Having been struck by the Levinasian aspects of J.M. Coetzee's Age of Iron, this article tries to ‘reveal' Coetzee's novel as a Levinasian narration of how the other ruptures a specific subject's self-regarding egoism, leading the subject to take up its responsibility for the other. Throughout, the concreteness and realism of the novel is considered supplementary to the abstraction of Levinas's philosophical thought. It is demonstrated how the main character in Age of Iron, Elizabeth Curren, is confronted by the other (...) as a face, has her right to be put into question by the other, experiences guilt for her usurpation of the place of the other, which becomes positive in her assuming responsibility for the other. In awakening to the other, Curren moves from a Heideggerean concern with her own death (she is dying of cancer) towards a Levinasian prioritising of the other's life over her own. Her coming into contact with the political violence and oppression of late 1980s South Africa adds to and focuses her expiation for the other. S. Afr. J. Philos. Vol.24(1) 2005: 22-32. (shrink)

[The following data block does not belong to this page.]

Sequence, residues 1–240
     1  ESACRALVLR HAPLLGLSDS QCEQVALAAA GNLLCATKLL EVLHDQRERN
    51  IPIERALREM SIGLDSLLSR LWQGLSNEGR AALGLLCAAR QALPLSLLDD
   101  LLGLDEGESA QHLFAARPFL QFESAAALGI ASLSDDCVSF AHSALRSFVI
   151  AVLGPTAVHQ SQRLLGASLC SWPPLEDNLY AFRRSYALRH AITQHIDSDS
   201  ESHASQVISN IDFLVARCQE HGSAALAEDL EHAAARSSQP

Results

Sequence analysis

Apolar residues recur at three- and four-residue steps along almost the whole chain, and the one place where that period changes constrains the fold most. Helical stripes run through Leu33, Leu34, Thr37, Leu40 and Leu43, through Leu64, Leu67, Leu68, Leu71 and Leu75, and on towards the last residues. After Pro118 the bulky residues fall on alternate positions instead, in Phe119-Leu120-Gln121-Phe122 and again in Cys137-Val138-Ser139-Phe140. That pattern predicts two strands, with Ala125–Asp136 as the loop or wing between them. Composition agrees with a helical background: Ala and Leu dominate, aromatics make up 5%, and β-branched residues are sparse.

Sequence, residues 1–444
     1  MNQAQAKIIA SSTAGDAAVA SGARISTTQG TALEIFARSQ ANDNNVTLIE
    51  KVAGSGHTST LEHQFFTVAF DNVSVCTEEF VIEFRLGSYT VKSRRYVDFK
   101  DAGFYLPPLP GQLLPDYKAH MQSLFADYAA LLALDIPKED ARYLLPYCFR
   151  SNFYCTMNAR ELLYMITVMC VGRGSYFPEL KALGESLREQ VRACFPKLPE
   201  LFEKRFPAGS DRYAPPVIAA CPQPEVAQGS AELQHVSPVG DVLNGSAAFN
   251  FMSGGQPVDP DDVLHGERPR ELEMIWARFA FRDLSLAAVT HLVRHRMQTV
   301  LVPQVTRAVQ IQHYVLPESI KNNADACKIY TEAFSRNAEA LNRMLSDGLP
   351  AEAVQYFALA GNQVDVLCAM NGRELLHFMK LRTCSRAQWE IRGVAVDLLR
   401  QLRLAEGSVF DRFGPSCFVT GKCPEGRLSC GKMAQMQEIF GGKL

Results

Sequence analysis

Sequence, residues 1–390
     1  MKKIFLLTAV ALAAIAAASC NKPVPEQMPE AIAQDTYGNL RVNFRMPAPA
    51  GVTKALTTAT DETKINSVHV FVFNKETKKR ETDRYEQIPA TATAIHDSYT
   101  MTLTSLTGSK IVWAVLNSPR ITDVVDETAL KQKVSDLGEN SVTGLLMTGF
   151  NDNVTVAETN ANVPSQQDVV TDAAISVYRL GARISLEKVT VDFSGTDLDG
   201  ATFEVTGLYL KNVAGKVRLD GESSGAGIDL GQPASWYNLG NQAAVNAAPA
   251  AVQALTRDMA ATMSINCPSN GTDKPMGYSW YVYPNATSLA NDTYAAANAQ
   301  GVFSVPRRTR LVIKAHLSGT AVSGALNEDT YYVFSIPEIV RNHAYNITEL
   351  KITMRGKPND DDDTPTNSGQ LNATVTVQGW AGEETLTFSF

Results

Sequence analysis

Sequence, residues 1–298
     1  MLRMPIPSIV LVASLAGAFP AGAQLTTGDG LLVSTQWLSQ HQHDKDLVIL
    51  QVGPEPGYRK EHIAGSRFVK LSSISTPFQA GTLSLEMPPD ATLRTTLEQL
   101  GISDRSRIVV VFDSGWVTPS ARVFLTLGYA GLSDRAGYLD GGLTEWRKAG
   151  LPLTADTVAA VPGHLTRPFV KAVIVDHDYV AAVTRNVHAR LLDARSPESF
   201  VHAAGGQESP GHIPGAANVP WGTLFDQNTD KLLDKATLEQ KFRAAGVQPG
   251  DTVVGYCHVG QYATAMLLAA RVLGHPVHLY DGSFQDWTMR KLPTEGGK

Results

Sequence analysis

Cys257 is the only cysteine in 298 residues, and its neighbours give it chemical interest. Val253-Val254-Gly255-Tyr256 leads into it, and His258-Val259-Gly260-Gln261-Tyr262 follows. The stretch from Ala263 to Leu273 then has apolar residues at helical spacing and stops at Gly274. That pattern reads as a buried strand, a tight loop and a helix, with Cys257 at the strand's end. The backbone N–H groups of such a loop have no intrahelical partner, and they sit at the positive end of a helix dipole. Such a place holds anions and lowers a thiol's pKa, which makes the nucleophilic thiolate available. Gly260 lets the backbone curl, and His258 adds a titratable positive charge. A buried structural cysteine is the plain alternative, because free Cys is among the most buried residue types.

The author finds no support for the claim that J. M. Keynes had severe reservations, in general, as opposed to particular, concerning the application of mathematical, logical and statistical methods in economics. These misinterpretations rest on the omission of important source material as well as a severe misconstrual ofThe Treatise on Probability (1921).